DENVER -- A Denver Sheriff's deputy has been indicted by the U.S. Attorney's Office on drug charges.
Sylvia Montoya, 46, faces four counts related to possession with intent to distribute cocaine, methamphetamine and heroin.
Arrested at the same time was 36-year-old Timothy Spikes, a known gang member. He faces the same charges, plus possession of a firearm by a convicted felon.
The FOX31 Problem Solvers first reported about the couple on April 2, after learning the pair had been stopped by Denver police on March 28.
At the time, only Spikes was arrested, but Montoya was placed on paid investigative leave by the Denver Sheriff's Department.
A public records request revealed Montoya has been paid $9,468 since she was placed on leave.
In a statement released to FOX31 Friday, the Denver Sheriff's Department said:
"Ms. Montoya had been on paid investigatory leave since March 29, 2019 for alleged violations of DSD policy including not disclosing her relationship with a known felon. An internal investigation is currently underway.
In light of her arrest on May 29, Sheriff Firman ordered that she be placed on unpaid leave, effective immediately.
Inappropriate behavior of our staff is not reflective of the values of the Denver Sheriff Department. We will continue to closely monitor the situation to take appropriate action."
Denver police pulled over Montoya and her passenger Timothy Spikes in the 4600 block of South Wadsworth Boulevard in southwest Denver.
Spikes was wanted for a warrant in Arapahoe County when Denver police took him into custody. They found $1,150 in cash and three phones on him. When they stripped searched him at the police station, the report states officers found, "a clear plastic baggie of suspected black tar heroin in between buttocks."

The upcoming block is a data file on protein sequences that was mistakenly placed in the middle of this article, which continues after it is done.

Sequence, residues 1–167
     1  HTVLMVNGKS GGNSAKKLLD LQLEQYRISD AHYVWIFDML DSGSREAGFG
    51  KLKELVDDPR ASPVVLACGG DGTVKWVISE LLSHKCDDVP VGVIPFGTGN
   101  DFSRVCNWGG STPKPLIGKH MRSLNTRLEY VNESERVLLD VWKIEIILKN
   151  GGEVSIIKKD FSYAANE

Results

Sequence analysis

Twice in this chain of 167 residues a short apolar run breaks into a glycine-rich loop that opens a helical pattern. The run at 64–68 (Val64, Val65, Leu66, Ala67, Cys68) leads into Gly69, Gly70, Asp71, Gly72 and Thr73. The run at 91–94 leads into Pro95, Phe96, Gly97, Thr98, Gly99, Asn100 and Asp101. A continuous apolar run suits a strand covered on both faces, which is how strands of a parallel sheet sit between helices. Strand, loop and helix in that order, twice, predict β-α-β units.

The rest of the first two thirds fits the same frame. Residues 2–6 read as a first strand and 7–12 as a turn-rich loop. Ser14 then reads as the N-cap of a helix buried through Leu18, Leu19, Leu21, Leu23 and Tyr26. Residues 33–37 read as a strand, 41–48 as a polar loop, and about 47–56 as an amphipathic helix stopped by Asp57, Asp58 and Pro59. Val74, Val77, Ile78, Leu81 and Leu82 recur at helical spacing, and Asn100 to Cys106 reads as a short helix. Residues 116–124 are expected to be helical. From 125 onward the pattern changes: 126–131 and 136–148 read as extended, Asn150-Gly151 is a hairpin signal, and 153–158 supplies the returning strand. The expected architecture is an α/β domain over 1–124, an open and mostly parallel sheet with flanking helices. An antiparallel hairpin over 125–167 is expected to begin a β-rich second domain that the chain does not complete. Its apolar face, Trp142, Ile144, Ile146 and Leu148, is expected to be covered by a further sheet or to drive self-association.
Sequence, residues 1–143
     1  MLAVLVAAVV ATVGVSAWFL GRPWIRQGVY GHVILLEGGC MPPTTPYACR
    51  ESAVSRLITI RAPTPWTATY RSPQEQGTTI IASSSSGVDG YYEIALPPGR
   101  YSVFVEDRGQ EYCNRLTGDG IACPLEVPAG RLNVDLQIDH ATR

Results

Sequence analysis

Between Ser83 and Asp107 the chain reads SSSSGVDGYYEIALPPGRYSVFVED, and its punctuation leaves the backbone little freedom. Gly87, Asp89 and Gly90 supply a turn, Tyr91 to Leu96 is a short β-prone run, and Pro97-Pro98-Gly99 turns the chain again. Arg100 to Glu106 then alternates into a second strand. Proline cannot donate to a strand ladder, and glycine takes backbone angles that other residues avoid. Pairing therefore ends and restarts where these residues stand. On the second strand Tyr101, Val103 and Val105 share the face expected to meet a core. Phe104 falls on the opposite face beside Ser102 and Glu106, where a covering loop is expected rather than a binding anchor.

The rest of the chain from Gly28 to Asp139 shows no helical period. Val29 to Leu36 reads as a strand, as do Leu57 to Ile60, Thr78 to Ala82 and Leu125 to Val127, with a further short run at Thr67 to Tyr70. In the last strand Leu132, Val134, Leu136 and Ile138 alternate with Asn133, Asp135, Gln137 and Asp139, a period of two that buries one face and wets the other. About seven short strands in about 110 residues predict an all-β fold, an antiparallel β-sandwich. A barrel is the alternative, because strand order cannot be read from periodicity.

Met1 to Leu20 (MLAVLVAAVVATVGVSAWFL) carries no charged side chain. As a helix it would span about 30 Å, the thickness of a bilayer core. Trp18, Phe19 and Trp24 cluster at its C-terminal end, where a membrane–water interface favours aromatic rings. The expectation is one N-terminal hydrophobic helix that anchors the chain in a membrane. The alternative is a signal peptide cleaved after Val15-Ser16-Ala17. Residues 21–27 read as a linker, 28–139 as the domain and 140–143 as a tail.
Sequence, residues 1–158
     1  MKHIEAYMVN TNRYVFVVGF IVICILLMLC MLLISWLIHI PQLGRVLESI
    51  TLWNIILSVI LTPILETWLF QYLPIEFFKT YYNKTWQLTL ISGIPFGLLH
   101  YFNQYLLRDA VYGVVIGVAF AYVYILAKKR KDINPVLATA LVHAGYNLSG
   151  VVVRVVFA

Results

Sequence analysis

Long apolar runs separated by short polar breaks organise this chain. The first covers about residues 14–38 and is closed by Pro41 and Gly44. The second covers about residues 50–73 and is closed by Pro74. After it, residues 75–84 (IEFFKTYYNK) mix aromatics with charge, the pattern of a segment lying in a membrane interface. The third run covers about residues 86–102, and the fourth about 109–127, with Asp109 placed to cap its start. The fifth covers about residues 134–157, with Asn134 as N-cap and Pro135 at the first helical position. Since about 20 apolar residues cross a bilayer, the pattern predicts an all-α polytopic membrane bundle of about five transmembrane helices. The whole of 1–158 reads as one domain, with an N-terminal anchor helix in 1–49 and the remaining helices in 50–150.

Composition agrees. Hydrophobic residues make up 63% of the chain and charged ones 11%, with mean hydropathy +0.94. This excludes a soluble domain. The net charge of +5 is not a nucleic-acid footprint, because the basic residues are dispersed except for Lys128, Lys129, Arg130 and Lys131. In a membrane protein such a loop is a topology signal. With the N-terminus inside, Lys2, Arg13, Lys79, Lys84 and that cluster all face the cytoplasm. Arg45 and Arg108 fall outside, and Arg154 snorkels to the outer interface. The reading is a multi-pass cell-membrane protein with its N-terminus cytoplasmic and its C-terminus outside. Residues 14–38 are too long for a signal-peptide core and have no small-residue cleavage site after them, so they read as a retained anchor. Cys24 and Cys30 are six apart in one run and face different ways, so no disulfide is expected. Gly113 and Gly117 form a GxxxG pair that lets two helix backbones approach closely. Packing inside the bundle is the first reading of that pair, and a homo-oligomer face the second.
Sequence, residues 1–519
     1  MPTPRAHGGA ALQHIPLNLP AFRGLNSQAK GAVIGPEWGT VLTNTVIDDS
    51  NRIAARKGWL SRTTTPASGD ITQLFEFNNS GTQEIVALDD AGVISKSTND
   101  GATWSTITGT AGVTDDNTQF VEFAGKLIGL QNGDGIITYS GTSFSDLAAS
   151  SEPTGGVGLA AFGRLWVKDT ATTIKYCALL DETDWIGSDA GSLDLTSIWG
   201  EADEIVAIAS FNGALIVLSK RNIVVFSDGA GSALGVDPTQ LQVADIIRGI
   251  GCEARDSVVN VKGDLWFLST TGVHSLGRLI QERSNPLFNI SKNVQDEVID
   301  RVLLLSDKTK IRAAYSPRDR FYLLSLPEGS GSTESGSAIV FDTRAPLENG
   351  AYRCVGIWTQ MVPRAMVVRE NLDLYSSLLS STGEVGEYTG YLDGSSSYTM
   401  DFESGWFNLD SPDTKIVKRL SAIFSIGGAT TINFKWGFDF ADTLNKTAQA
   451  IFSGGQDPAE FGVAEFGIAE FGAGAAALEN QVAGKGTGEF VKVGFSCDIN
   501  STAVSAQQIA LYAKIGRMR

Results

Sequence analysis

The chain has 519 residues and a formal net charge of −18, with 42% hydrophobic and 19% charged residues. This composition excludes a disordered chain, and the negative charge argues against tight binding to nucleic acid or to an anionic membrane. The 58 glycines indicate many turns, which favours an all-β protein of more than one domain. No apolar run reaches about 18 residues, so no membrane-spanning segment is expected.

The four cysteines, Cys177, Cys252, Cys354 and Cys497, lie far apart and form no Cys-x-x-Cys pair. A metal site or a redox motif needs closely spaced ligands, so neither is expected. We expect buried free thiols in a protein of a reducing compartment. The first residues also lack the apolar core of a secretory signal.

Police say a narcotics dog was called to the scene and alerted officers there might be drugs in the car. A search of the vehicle revealed $3,000 in cash in the center console and an empty drug paraphernalia baggie with white residue inside of it.
The next day, March 29, Montoya was placed on leave.
"She's lost her career, you can bet on that," said Dr. Don Lindley, a criminology professor at Regis University who once worked in the Vice Squad for the Denver Police Department.
"The cash alone and in that amount speaks to drugs. I have never experienced it otherwise," said Lindley.
At the time, the sheriff's department asked FOX31 not to name Montoya because she hadn't been charged with a crime. But a sheriff spokeswoman confirmed Montoya was facing an internal investigation for violating department policy which reads in part, "Denver Sheriffs and employees shall not knowingly associate with, accompany, correspond with, consort with, or develop a personal relationship with a current or former inmate or other individual within five (5) years of the inmate's release...without specific approval from the Sheriff."
The Problem Solvers have learned the Montoya never sought permission from the sheriff to have a relationship with Spikes. The Problem Solvers have also been told Spikes was housed for two months in 2017 in a detention pod where the deputy was assigned to at times.
Montoya was already facing a discipline hearing for an accusation she harassed inmates in February. She was notified of the allegation March 19, just nine days before the traffic stop with Denver police.
Both Montoya and Spikes made their first appearances before a federal magistrate on Thursday. The two will be back in court on June 4 for a bond hearing.AlertMe